History was made this past week when Toronto Blue Jays outfielder Jose Bautista blasted his fiftieth home run of the season, making him just the twenty-sixth player in MLB history to do so. Bautista joins the likes of legendary players like Babe Ruth and Mickey Mantle and surpassed George Bell’s record for home runs by a Blue Jays player which was set at forty-seven in 1987. What makes this even more incredible is that he came out of nowhere and has emerged as baseball’s best home run hitter this season.
In his six prior MLB seasons, playing for five different teams, Bautista never showed signs of having such extreme power, hitting just fifty-nine home runs and no more than sixteen in a single season. So the question comes to mind, is Bautista using performance-enhancing drugs? I wish I knew the answer to that but unfortunately I do not. I would like to think that MLB’s drug testing would be able to detect everything a player could potentially use, but it doesn’t. To me, it is just amazing to think that simple adjustments to his timing, setup, hands, and leg kick could have an impact on his power hitting. When a player appears to come out of nowhere with a monster season, people reach for explanations. It’s in our genetic makeup to want answers, and it’s human nature, after the Steroid Era, to be skeptical. Until it is proven that he has used PED’s, I guess I can’t ever underestimate the power of simple adjustments.
Jose Bautista joined the Fan 590 in Toronto to talk about how the at-bat transpired when he hit his 50th home run of the season, the notion that not a lot of players aren’t able to adjust in an at-bat like he did when he hit his 50th home run, and how much getting the opportunity to become an everyday player again has changed him as a person.
How the at-bat transpired when he hit his 50th home run of the season:
“Well I had a gameplan before the game started, I knew what I wanted to do. He is a very aggressive pitcher and he should be, he has got a great arsenal of pitches and he throws very hard, his ball moves a lot and he knows how to pitch. I know that he was going to try to get aggressive. I know that he hadn’t walked a right-handed hitter in his last five or six outings. He made a quick two outs in the first, I was trying to be aggressive, he missed badly with two fastballs, I know that he wasn’t trying to do that but I got into a good hitter’s count and I decided to stick with looking for fastballs. He threw me one and I missed it. He was late on it, with that train of thought I thought he was going to try to do it again and then maybe try to put me out. So I got ready a tiny bit earlier and I put a decent swing on the pitch, not the best, I hit it good enough for it to go out and unbelievably it was the only run of the game. We only got a hit after that. Most importantly, we got the win and surprised that it was enough. Our pitching staff did a great job of holding them to a shutout so it was a great win.”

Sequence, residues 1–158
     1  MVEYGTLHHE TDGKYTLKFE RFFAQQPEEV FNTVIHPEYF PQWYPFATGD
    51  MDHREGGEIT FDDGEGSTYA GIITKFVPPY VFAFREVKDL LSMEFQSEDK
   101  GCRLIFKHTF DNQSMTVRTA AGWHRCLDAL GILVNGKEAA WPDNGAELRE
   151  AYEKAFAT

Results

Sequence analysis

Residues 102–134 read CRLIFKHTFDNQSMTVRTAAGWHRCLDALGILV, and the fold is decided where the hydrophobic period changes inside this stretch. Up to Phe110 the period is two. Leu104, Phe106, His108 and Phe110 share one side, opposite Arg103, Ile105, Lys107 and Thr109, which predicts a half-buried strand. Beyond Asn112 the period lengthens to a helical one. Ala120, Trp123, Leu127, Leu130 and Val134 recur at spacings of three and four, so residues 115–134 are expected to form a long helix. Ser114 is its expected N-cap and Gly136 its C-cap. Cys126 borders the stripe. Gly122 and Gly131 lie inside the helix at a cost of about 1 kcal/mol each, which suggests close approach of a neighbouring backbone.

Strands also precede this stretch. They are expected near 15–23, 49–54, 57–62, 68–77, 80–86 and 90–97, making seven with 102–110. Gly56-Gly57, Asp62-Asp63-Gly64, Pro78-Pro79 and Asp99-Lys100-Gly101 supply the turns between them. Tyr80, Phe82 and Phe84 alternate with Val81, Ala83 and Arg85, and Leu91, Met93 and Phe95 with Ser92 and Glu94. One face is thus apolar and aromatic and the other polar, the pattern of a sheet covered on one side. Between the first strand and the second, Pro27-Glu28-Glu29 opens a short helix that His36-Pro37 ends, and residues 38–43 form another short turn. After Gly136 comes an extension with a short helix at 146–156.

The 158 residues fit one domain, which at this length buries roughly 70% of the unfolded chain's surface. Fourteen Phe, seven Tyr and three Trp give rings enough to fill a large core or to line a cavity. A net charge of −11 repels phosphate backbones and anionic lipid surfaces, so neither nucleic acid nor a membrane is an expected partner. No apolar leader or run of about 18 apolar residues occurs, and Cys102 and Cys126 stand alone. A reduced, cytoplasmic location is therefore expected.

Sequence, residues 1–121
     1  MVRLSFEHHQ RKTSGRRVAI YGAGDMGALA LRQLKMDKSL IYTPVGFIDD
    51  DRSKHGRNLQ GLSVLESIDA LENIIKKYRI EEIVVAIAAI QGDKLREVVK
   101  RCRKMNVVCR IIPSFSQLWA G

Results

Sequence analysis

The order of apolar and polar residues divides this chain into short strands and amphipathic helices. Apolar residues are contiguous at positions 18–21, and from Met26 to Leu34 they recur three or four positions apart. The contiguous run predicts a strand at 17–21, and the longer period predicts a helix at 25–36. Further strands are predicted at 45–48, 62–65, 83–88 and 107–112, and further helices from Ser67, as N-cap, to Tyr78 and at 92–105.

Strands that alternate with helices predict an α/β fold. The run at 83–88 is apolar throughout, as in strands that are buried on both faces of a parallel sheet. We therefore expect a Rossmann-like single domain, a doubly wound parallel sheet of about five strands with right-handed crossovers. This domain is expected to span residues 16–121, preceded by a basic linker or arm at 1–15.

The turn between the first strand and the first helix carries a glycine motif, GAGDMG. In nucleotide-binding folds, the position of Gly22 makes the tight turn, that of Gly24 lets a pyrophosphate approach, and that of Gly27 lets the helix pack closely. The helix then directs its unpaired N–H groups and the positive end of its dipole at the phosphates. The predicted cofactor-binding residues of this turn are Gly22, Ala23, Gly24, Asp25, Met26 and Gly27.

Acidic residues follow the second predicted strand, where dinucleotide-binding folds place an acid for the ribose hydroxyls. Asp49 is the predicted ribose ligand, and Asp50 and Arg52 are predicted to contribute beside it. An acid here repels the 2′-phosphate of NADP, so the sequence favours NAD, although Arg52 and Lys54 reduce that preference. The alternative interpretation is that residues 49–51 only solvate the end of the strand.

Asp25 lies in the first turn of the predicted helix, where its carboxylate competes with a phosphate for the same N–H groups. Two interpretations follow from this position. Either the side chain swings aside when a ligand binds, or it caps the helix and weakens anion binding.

On the notion that not a lot of players aren’t able to adjust in an at-bat like he did when he hit his 50th home run:
“Well I felt like I missed the pitch because I was a little bit late on it. I let it get in too deep in the hitting zone, to close to my body to put in more understandable terms, I guess. So I figured if I started a little bit earlier my bat would be a couple inches in front of the hitting zone in contrast to the previous pitch. That is exactly what happened and I was able to make decent enough contact to get the result.”
Whether it has sunk in yet that he is one of 26 players in MLB history to hit at least 50 home runs in a season:
“I have and I saw the reports last night. It has been great coverage and I am really grateful that everybody has been on top of everything. I have seen that names and I still can’t believe it. It hasn’t really sunk it yet. I will get to enjoy it in the offseason. We only have got a couple of games left but I’m just really honored and really happy and more important than anything, I am really grateful that I got the opportunity that I received again to be an everyday player and happy that I was able to take that opportunity and run with it.”
How much getting the opportunity to become an everyday player again has changed him as a person:
“Well I’ll correct you again. I apologize for doing so. I did get a fair chance to play again in 2007 with the Pirates, but I was younger, more immature, didn’t have the experience, didn’t have what I thought I know now that I needed at the time was proper coaching with my hitting mechanics and everything and I didn’t make the adjustments that I needed to make. I had an average year, I didn’t have a terrible year but after that the opportunity was never there again. On the other note, I don’t think anybody takes the opportunity that they get at this level for granted no matter how old you are from the kids that are 19 that make it to the big leagues or 30. I think everybody wants to do good once they are here and I think they try to do everything in their own power to become successful major league ball players. I take my job very seriously and I try to come out here and work very hard so I can be productive for my team. So I think that is what everybody else tries to do as well. It is just all the combination of factors that led to my success. It just happened this year for me and it has been a great year and it has been really fun.”